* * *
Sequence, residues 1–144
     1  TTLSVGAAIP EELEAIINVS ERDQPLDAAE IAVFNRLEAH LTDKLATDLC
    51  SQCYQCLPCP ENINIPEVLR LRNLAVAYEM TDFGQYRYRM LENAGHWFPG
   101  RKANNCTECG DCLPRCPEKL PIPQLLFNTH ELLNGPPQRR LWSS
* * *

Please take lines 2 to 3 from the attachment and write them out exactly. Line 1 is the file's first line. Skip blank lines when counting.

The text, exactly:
     1  TTLSVGAAIP EELEAIINVS ERDQPLDAAE IAVFNRLEAH LTDKLATDLC
    51  SQCYQCLPCP ENINIPEVLR LRNLAVAYEM TDFGQYRYRM LENAGHWFPG